ZEITSCHRIFT FUR RHEUMATOLOGIE, vol.78, no.2, pp.190-194, 2019 (SCI-Expanded)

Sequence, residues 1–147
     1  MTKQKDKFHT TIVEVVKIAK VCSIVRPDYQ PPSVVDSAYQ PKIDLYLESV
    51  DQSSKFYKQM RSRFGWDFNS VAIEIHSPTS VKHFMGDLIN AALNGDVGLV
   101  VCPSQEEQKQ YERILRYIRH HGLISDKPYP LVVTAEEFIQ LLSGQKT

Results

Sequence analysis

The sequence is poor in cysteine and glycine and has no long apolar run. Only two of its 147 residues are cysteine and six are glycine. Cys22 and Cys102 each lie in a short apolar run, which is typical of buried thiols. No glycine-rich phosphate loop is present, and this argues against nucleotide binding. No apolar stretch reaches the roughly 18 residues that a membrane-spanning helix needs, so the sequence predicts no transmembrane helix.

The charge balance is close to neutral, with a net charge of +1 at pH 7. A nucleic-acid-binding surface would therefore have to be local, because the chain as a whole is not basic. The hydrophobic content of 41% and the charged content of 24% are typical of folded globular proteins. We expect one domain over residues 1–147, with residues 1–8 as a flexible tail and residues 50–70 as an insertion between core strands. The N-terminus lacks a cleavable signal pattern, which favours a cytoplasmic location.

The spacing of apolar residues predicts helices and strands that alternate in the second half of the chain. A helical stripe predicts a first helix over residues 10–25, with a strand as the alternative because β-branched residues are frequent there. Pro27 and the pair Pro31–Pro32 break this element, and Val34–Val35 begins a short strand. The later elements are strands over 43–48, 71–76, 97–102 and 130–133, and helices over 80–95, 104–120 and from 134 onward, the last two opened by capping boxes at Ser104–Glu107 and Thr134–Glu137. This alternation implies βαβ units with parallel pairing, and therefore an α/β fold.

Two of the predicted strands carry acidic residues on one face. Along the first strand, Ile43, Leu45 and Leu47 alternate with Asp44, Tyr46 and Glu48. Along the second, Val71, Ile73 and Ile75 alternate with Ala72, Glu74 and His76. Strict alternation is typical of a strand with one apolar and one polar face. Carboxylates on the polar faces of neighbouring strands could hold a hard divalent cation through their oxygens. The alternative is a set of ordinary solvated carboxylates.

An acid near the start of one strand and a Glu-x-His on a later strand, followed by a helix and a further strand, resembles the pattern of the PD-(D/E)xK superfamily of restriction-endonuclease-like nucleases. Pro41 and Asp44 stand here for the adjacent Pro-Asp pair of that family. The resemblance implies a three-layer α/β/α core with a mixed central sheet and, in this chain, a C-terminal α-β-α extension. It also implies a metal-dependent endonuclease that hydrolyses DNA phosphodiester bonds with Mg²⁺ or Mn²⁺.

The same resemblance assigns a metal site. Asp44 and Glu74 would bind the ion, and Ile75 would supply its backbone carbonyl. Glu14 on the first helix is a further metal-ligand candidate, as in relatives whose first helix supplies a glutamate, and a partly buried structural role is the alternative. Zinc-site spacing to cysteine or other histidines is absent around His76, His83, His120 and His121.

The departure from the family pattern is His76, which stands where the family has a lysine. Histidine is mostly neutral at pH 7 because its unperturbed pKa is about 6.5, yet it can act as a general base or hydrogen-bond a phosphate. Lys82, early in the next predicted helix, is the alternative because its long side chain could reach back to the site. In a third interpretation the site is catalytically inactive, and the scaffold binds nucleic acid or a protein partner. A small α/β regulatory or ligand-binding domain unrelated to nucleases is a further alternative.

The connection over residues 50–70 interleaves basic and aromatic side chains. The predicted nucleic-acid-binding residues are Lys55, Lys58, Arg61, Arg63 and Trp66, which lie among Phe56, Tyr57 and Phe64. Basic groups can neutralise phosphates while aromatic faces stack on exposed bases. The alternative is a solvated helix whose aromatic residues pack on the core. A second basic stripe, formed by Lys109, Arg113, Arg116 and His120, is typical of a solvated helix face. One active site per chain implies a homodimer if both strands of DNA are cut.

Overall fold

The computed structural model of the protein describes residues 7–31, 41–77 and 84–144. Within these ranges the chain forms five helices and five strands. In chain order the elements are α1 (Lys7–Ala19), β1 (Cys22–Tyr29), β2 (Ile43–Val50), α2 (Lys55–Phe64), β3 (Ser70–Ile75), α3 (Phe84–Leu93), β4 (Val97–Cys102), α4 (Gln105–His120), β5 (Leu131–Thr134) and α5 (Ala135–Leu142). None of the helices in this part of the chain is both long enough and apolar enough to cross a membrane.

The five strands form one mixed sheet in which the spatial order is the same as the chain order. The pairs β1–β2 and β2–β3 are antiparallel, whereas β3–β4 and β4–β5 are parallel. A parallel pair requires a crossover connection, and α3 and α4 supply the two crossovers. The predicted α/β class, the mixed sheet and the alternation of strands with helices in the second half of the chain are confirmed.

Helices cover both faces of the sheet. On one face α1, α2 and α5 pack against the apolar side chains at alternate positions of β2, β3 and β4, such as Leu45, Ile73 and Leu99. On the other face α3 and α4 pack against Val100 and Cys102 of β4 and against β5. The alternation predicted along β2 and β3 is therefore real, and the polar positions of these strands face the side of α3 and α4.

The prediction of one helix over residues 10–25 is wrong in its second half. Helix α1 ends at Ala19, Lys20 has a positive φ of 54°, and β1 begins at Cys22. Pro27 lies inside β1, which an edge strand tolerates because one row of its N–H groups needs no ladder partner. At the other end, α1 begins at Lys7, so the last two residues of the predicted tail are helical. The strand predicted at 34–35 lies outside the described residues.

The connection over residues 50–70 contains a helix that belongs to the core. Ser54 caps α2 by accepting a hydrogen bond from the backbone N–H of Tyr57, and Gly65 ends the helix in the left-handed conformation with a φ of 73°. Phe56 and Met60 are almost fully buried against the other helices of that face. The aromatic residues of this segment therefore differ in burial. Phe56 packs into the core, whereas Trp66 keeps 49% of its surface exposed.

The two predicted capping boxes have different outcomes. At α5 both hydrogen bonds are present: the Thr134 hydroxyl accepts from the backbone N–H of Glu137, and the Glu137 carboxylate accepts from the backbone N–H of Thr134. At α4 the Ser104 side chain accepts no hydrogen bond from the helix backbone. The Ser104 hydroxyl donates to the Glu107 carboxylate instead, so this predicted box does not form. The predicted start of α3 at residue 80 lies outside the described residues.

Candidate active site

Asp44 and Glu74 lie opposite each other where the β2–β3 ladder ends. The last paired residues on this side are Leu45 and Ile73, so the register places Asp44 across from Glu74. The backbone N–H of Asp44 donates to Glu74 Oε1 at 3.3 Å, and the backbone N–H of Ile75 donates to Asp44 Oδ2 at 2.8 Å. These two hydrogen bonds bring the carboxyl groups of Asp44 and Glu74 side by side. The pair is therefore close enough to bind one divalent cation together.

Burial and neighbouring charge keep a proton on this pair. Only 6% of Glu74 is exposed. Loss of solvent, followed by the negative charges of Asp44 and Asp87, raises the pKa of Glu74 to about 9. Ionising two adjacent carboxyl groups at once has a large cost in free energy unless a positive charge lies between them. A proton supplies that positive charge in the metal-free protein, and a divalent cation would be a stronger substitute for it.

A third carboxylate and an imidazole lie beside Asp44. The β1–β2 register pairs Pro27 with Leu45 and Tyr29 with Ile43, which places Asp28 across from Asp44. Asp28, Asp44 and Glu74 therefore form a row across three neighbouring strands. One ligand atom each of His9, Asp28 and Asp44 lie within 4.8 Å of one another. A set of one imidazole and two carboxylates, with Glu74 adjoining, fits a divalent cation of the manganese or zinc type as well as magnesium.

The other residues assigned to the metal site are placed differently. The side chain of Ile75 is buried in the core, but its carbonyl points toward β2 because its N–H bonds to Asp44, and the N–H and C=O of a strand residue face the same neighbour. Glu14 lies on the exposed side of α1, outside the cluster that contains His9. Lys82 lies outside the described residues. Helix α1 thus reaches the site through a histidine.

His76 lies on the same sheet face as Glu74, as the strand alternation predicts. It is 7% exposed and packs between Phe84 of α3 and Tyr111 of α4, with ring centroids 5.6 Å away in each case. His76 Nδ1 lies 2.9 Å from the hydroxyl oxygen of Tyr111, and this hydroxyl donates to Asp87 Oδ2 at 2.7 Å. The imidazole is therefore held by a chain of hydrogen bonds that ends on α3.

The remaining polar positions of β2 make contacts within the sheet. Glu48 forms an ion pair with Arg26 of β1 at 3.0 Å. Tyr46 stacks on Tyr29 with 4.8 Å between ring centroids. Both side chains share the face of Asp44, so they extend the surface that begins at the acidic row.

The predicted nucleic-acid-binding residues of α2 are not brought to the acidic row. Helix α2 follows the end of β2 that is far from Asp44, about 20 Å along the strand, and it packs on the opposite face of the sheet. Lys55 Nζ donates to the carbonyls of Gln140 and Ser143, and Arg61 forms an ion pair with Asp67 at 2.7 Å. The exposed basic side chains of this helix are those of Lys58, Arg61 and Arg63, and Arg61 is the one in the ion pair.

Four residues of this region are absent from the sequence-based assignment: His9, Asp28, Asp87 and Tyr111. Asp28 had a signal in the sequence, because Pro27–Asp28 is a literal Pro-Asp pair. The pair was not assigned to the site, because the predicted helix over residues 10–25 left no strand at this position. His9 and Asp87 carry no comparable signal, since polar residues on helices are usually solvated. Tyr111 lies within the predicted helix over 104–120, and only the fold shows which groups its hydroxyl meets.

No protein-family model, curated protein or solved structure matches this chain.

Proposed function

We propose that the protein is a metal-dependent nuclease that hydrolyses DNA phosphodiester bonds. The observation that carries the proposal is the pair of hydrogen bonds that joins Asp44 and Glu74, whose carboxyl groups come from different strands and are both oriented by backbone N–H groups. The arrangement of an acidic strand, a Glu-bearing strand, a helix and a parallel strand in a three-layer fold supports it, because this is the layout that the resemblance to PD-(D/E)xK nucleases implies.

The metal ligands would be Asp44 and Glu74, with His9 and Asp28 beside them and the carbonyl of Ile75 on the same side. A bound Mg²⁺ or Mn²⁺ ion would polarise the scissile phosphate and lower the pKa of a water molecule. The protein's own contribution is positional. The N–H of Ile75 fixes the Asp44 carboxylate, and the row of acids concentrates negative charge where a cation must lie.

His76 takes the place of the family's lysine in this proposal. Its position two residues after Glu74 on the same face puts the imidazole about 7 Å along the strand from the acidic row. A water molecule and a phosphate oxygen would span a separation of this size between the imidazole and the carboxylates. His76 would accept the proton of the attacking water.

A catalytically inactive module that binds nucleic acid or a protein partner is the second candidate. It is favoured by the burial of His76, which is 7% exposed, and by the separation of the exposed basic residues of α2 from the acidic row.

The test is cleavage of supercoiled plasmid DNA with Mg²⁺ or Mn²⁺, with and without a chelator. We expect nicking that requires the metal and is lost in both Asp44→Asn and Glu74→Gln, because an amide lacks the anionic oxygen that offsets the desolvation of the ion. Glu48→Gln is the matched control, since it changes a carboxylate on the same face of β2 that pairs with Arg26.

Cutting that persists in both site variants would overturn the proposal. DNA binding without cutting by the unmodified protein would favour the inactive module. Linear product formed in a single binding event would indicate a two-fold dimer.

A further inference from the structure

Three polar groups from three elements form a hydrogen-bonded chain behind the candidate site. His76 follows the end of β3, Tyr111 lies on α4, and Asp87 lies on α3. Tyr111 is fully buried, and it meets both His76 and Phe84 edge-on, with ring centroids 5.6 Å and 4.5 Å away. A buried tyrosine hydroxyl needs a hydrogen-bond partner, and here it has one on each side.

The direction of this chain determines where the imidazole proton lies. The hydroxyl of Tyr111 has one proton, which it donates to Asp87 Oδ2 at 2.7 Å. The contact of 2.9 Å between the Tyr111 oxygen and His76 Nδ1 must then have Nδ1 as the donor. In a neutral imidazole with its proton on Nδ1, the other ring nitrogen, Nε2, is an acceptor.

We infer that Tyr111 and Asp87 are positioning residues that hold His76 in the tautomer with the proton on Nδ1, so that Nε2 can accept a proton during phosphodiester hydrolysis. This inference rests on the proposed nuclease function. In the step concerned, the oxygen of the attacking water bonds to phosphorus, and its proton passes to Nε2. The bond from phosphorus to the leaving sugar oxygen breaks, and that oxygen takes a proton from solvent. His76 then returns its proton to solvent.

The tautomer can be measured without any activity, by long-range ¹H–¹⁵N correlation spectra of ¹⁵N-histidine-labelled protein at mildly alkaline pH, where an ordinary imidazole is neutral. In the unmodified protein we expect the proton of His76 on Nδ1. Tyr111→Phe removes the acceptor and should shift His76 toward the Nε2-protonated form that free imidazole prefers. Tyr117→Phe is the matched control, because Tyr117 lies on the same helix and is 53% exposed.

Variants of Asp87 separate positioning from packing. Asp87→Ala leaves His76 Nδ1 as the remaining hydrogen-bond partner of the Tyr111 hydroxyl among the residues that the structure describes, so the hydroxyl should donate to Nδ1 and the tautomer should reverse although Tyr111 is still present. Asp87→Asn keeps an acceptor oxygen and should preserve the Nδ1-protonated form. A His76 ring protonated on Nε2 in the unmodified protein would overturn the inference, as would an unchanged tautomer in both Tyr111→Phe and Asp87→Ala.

ObjectiveRheumatoid arthritis (RA) is asystemic autoimmune inflammatory disorder which further doubles the risk of developing cardiovascular disease. Some studies suggest that in RA patients, the prevalence of hypertension increases due to prednisolone use, clinical status, genetic factors, and physical inactivity. On the other hand, dipper and non-dipper status in RA patients compared to non-RA subjects has not been investigated to our knowledge. Purpose of the study is to investigate whether non-dipper status is more deteriorated in RA patients.MethodsSixty-five RA patients and 61age-sex-matched control patients were evaluated in this cross-sectional study. Patients were classified according to 24-h ambulatory blood pressure monitoring results. Patients with previous hypertension diagnosis, coronary artery disease, and abnormal kidney function were excluded.ResultsMean age of the study sample was 53.712.3years and 40.5% were male. There was no significant difference between groups in terms of basic demographic characteristics. Leukocyte counts (p=0.001), neutrophil counts (p=0.001), and red cell distribution width (p=0.000) were significantly higher in the RA group. ABPM results indicate no significant difference between RA patients and the control group in terms of daytime systolic and diastolic blood pressure, nighttime systolic and diastolic blood pressure, and average systolic and diastolic blood pressure results (p>0.05). There was no statistical difference regarding the non-dipper status of patient groups (p=0.412). Nocturnal blood pressure dipping was significantly similar between groups (p=0.980).ConclusionIn conclusion, RA patients have similar values in terms of nocturnal blood pressure dipping and hypertension diagnosis as compared to normal population.